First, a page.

This prior art document further describes techniques allowing for such output channels with a straight, non-tapered profile. This provides for a precisely defined pressure drop, droplet size and flow behaviour across the output channel for aqueous solutions and suspensions whereas the relatively smooth surface is suited for medications carrying small solid particles, e.g. from less than 1 to approx 2 μm, in suspensions. The same effect can be obtained proportionally with larger dimensions, e.g. with nozzles of 10 μm or larger for example for perfume dispensing applications.
The diameter of an expelled droplet depends on the nozzle hole size “d” for a given frequency of the vibration of the liquid substance and the inlet pressure. In this prior art device where a frequency of around 243 kHz is used, the mean droplet diameter has been found to be around 5 μm, the diameter of the hole of the outlet nozzle is around 7 μm and the inlet pressure is a few millibars. One such a droplet thus contains a quantity of around 67 femtolitres (10−15l) so that as such the number of nozzles may be determined as a function of the amount to be ejected.
Indeed, the fabrication tolerance Δd of the outlet nozzles is an essential factor in controlling and determining the amount, i.e. the volume “V” of an expelled droplet. In fact, this volume V depends on d3(V=⅙* Πd3), d being the diameter of the outlet nozzle.
For example, if d=5 μm, and Δd=±0.5 μm, the droplet volume V may vary from 47.5(d=4.5) to 87(d=5.5) which is a variation of 83%.
Furthermore, it is known that the pressure drop across the output channel depends on d4, so it may be understood that the outlet diameter, the channel diameter, its cross-section, as well as any combination of varying micro-machined cross-sections of the outlet channel and nozzle are an important factor in the structure of the liquid droplet spray device.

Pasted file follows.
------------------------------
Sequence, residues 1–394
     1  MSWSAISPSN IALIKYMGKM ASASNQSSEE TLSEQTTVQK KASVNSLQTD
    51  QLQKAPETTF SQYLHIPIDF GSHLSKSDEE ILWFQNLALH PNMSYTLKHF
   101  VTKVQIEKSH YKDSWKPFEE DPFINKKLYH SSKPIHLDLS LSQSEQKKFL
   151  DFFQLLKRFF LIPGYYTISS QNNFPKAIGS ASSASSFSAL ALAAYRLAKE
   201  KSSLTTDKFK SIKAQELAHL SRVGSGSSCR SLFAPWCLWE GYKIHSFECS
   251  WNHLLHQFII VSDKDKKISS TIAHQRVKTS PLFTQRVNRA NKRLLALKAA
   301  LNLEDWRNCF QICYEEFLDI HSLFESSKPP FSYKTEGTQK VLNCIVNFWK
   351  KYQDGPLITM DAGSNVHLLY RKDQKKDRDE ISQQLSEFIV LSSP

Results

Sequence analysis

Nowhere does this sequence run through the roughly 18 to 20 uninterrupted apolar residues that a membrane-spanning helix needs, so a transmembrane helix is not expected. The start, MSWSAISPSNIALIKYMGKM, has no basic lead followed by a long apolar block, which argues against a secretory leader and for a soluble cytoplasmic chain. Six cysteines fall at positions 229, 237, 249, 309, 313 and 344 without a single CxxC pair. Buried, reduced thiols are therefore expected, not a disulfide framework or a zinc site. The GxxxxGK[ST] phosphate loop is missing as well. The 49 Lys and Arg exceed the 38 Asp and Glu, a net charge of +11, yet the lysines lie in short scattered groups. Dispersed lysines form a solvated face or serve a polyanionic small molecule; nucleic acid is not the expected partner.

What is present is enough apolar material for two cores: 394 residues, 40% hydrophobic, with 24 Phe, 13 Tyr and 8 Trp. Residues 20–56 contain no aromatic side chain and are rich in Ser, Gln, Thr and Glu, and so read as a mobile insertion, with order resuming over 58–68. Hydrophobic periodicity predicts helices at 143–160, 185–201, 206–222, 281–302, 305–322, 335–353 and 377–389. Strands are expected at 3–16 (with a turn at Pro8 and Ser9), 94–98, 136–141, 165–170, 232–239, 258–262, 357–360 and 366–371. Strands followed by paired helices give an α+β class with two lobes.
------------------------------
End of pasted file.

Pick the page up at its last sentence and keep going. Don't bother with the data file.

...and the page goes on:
It is also known that the droplet diameter varies with certain physico-chemical properties of the liquid such as surface tension and viscosity. It is therefore important as shown in the cited prior art to be able to adapt the physical and electrical device parameters (frequency and amplitude) according to the liquid to be expelled and the desired droplet characteristics.
The applicant has now found that although the prior art device generally functions satisfactorily, the construction of this device results in an elaborate manufacturing so that in certain applications, such as for ambient fragrance dispensing, the described device would appear expensive. Furthermore, the manner in which such device needs to be re-filled after dispensing the spray could under certain circumstances also be awkward.
Moreover, when using the spray device to expel a fragrance, it is known that the diffusion of scent in the air is directly related to the surface of the droplet available in the surrounding air. Thus, the smaller the droplet, the smaller its surface. This changes the diffusion rate of the scent, because, as the liquid droplet radius decreases, its surface-to-volume ratio increases. However, the surface of an expelled droplet is not stable so that it may explode sooner than expected resulting in a change of the scent diffusion as a function of the droplet size. In fact, the applicant has observed that the smaller the droplet, the less stable the droplet.